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New Zealand win third Test to tie the rubber

Shafiq's strokes sparkling hundred

SHARJAH: New Zealand completed an innings and 80-run win over Pakistan in the third and final Test in Sharjah on Sunday despite a fighting career-best hundred by Asad Shafiq, levelling the three-match series 1-1.

Seamer Trent Boult destroyed the top order for figures of 4-38 and Mark Craig 3-109, only the third Black Caps spinner to take 10 wickets, as Pakistan were dismissed for 259 in their second innings in the fading light at Sharjah Stadium.

The win was all the more sweet for the Black Caps for at one point they were considering abandoning the Test to grieve after Phillip Hughes's tragic death on Thursday, the day when both teams suspended the second day's play.

New Zealand skipper Brendon McCullum admitted it was tough to play. "Our thoughts were elsewhere. I am proud of the guys for sticking together," said McCullum.

Pakistan skipper Misbah-ul Haq conceded the tragic news affected his team.

"After starting very well during the first day, whatever happened on day two, it was really difficult to concentrate. I was struggling to concentrate, it was really difficult to bat on and carry on."

Boult ended Shafiq's fighting 183-minute knock of 18 fours and six sixes – his fifth Test century – with a short delivery.

Craig wrapped up the innings by dismissing Rahat Ali for six to end with match figures of 10-203.

He took 7-94 in the first innings.

Boult struck three times in the space of 18 balls to leave Pakistan struggling at 24-3 before Craig and Sodhi (2-82) chipped in with their share of wickets.

Pakistan won the first Test in Abu Dhabi by 248 runs while the second ended in a draw in Dubai.

Pakistan's double batting collapse on day two and day four was inexplicable on a pitch where New Zealand plundered 690.

Shafiq and Sarfraz Ahmed (37) tried to take the attack to the New Zealand bowlers with a 73-run stand for the sixth wicket before Sodhi removed Ahmed and Yasir Shah (ten) in the same over before tea.

Shafiq hit Craig for a six and a four to reach his hundred off 123 balls to delay the defeat after Pakistan lost Mohammad Hafeez (24) and Misbah (12) in the post-lunch session.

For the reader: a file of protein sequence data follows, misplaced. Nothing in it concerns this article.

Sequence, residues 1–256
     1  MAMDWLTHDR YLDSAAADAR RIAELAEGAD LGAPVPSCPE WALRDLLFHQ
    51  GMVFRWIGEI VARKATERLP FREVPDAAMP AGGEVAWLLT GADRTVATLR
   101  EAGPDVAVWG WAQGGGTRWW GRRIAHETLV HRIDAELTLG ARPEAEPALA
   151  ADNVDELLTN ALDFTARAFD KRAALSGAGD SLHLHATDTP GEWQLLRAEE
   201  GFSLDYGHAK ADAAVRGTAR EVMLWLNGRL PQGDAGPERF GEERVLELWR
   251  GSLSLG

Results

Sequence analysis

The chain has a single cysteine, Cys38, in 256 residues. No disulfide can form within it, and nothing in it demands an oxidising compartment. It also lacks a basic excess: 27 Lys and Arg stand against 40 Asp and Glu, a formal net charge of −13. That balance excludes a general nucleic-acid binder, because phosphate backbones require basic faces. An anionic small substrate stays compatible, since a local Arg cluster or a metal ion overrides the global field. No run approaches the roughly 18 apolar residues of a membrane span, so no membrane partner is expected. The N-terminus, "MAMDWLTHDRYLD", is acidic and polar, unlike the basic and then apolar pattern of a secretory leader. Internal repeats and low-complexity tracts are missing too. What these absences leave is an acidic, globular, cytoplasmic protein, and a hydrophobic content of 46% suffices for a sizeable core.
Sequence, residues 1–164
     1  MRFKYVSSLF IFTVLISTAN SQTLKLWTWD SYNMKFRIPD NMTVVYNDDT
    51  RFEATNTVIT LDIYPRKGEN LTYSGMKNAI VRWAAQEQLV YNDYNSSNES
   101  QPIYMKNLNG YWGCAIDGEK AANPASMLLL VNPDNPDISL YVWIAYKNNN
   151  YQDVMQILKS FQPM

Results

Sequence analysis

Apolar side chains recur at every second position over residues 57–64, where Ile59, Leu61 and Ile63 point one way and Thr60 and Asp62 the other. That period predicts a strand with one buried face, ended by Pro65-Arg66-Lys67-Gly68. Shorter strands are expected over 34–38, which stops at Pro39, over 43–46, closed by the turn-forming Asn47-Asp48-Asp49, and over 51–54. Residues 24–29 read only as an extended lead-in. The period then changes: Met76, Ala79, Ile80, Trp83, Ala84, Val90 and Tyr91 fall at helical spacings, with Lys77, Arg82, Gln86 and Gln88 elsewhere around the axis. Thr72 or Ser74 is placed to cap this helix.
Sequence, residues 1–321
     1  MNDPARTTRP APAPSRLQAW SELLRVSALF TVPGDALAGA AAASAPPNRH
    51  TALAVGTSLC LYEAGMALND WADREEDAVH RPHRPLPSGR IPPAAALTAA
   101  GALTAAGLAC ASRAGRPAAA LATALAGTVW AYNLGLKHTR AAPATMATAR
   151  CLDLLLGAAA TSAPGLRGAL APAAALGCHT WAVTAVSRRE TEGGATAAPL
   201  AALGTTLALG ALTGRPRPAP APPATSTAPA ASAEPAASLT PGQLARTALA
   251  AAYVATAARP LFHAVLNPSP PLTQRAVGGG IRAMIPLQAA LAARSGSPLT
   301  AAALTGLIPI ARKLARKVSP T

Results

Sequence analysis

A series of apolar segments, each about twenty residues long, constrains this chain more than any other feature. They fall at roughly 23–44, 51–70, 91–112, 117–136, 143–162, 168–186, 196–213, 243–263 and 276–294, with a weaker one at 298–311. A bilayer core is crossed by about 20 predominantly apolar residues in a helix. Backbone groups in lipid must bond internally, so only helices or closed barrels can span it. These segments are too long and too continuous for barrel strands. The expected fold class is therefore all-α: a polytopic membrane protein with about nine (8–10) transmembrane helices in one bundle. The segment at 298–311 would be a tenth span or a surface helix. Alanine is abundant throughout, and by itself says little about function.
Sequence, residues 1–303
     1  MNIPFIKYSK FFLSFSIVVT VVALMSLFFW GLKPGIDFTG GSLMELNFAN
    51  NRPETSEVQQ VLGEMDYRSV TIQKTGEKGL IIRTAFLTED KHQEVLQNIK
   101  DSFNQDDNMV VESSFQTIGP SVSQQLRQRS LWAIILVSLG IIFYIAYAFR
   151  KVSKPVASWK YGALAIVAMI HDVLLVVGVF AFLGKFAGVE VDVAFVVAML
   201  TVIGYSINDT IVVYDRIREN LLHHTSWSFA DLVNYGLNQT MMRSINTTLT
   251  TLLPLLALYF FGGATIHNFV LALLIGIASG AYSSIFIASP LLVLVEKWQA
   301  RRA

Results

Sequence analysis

Hafeez gave a return catch to Craig while Misbah was adjudged caught behind off the glove on the same bowler and even a referral couldn't save the Pakistan skipper.

Earlier, Boult had shaken Pakistan at the start of the innings, dismissing Shan Masood (four) in his second over, bowled Azhar Ali leaving the ball (six) in his fourth and trapped Younis Khan for a first ball duck in his fifth in a destructive spell.

Boult's devastating spell came after New Zealand extended their first innings to 690 in the morning – their highest-ever total in Test cricket.

That gave New Zealand a huge 339-run lead over Pakistan's first innings total of 351 and they pressed home their advantage quickly with Boult's strikes.

Masood drove uppishly to be caught in the slips while Ali misjudged a sharp incoming delivery which hit the off stump as he tried to leave the ball.

Boult again used the angle well from round the wicket to trap the in-form Younis leg-before. A review could not save the batsman.

New Zealand had added a further 53 earlier in the morning after resuming on 637-8, with Craig (65) becoming the sixth batsmen to reach a half-century – a record number of 50-plus scores in one innings by the Black Caps.

New Zealand's innings included a world record 22 sixes, beating the 17 struck by Australia against Zimbabwe at Perth in 2003.

In all, a world record 35 sixes were hit in the match, beating the 27 shared by Pakistan and India in Faisalabad in 2006.

Pakistan's much-vaunted bowling attack suffered badly, with pacer Rahat Ali taking 4-99 and leg-spinner Yasir Shah conceding 193 runs for his quartet of wickets.

New Zealand's previous highest Test total of 680-8 came against India in Wellington in February this year.

Both teams now play two Twenty20 internationals in Dubai on December 4 and 5 which will be followed by five one-day matches starting from Dec. 8.